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Magnussen: “Horrendous” Monza highlights need for Haas F1 patience

Kevin Magnussen says he endured a “horrendous” Italian GP but understands that he must remain patient as his Haas Formula 1 team tries to improve the difficult VF-23.

Kevin Magnussen, Haas F1 Team, in the garage with engineers

Photo by: Andy Hone / Motorsport Images

Magnussen qualified only 19th at Monza and was one of only three drivers to take a gamble by starting on the hard rather than medium Pirelli tyres.

However, while Lewis Hamilton and Valtteri Bottas used the strategy to have strong races and earn points Magnussen finished 18th and last, behind team-mate Nico Hulkenberg.

The intention had been to run a long opening stint on the hard, potentially not stopping until the closing laps.

However, a lack of overall grip meant that Magnussen pitted as early as lap 12, obliging him to switch to two stops and effectively ruining his race.

"It should have been possible, but we just had no grip at all,” he said when asked by Autosport about the tyre gamble. 

“And the car was so over-balanced, there was no chance. I mean, we couldn't even take off enough front wing. The flap couldn't go down low enough. And horrendous, really bad."

"I mean, we were talking about going all the way to the end on that first hard to then maybe hope for a late safety car, or do a bit like [Alex] Albon did in Melbourne, try something like that. But no chance whatsoever."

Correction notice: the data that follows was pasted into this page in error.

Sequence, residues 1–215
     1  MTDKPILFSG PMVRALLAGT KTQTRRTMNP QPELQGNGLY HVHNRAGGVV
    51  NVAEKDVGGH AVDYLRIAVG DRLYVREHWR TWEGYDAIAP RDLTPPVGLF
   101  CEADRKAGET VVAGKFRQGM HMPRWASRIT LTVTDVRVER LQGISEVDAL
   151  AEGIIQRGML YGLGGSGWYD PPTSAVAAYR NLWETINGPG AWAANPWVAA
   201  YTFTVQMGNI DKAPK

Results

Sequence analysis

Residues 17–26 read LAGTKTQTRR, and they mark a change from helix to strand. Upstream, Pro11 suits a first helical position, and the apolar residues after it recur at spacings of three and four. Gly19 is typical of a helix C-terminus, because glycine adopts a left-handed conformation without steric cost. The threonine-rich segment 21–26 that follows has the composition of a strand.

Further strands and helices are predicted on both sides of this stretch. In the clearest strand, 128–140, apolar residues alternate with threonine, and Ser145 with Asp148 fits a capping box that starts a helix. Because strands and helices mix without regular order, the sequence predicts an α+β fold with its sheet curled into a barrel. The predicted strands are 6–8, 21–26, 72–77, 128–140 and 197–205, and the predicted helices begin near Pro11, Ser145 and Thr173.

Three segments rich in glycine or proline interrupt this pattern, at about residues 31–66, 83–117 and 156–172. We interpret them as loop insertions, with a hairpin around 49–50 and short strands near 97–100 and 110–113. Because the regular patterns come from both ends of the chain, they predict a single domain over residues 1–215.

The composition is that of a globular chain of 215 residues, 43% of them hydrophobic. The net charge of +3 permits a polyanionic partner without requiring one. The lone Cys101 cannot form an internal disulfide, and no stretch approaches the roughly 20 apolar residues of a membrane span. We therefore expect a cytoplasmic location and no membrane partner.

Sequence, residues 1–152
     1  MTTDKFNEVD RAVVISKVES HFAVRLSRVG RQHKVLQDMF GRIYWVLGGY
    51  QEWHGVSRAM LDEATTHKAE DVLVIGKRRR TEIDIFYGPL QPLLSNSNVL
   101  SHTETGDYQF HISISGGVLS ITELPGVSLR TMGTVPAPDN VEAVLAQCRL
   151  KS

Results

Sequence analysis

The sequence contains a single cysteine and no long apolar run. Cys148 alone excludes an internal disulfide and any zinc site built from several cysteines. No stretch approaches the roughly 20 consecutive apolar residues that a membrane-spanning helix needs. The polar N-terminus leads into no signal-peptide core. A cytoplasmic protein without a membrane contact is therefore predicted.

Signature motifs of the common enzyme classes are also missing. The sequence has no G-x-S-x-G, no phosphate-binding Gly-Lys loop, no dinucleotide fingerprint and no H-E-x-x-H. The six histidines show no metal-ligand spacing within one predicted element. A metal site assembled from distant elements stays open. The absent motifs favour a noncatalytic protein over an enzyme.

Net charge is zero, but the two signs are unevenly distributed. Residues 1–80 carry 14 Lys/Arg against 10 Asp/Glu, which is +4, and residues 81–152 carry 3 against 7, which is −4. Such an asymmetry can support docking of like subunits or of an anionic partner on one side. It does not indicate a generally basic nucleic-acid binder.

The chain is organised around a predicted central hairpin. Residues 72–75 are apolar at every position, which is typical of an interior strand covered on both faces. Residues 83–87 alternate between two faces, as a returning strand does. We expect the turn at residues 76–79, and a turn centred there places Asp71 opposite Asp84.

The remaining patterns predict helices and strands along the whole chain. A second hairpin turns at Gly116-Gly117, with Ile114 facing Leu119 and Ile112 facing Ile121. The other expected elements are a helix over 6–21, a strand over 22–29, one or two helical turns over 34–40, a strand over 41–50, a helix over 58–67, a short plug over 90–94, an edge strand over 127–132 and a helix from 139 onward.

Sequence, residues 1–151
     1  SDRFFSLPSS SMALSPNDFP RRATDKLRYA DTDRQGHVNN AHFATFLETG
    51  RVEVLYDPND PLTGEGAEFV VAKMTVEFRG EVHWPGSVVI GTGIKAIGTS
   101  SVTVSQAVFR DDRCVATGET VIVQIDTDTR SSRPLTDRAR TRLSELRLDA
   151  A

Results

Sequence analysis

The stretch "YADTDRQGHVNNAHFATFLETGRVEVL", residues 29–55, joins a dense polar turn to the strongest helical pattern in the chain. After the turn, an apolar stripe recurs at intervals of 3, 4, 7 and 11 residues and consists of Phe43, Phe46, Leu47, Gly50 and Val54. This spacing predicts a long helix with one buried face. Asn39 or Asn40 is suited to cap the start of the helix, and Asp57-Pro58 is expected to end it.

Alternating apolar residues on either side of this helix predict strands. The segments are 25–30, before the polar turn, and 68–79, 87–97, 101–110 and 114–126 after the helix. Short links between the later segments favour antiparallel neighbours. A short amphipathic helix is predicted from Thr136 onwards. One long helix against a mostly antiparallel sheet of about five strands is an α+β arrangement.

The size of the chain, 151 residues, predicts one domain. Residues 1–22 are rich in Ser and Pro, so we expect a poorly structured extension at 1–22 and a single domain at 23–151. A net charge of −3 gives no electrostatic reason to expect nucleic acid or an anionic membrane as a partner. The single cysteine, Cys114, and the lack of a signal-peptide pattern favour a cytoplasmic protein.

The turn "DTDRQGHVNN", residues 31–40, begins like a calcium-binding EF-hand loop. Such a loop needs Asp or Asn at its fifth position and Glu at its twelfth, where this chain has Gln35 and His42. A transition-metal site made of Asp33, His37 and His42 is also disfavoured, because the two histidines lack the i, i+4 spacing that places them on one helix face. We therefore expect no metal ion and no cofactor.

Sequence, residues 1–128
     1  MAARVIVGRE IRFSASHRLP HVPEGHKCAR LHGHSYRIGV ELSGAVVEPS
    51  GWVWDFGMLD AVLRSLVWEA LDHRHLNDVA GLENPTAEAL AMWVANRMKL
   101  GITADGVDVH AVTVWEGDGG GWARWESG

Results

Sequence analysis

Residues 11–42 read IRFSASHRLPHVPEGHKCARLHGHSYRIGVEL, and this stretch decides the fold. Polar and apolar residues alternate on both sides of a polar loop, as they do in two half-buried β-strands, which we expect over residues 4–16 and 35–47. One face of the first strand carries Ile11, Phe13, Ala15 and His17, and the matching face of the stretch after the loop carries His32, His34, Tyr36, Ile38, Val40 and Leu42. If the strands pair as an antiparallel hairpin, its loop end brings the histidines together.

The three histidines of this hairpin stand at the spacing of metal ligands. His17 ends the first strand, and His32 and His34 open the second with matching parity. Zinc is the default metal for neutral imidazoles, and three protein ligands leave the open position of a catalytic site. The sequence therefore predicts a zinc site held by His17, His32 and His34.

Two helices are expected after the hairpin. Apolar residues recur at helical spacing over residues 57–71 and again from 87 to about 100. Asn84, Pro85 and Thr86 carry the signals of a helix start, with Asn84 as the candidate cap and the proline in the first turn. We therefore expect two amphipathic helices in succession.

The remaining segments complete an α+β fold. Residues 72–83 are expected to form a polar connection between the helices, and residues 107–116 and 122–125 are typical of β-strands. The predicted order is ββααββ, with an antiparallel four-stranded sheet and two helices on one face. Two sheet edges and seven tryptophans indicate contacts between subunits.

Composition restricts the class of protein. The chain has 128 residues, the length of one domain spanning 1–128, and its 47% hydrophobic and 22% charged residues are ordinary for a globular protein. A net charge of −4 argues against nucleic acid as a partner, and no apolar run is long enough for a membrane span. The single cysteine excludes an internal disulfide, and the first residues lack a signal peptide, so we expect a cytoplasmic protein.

Magnussen accepts that he has to wait for improvements to make their way to the track.

Esteban Ocon, Alpine A523, Kevin Magnussen, Haas VF-23

Esteban Ocon, Alpine A523, Kevin Magnussen, Haas VF-23

Photo by: Andy Hone / Motorsport Images

"The work is being done in the background, and we just have to be patient on it until we can bring those parts to the car,” he said.

“At the end of the day, we got a job to do, and we need to crack on until we until we get those parts, and we can’t cry about what we've got at the moment, we've just got to work with what we have and always try and get something out of it, no matter how difficult it looks."

The Dane believes that the Haas organisation itself is in the best shape in its history.

"I still believe that the team is in a stronger place than it has been,” he said. “It's just a paradox that we have probably one of the weakest cars we've had.

“With the strong foundation that I see in the team, I think we can do a lot better, and I think we will do a lot better.

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“So it really is a patience game. It's about really sticking it out with what we have at the moment, and waiting for better things."

Asked what his own contribution would be he said: "I think it's important to be there to support and give all the feedback that is needed. And at the same time just good faith, and give them peace to go and work on their stuff."

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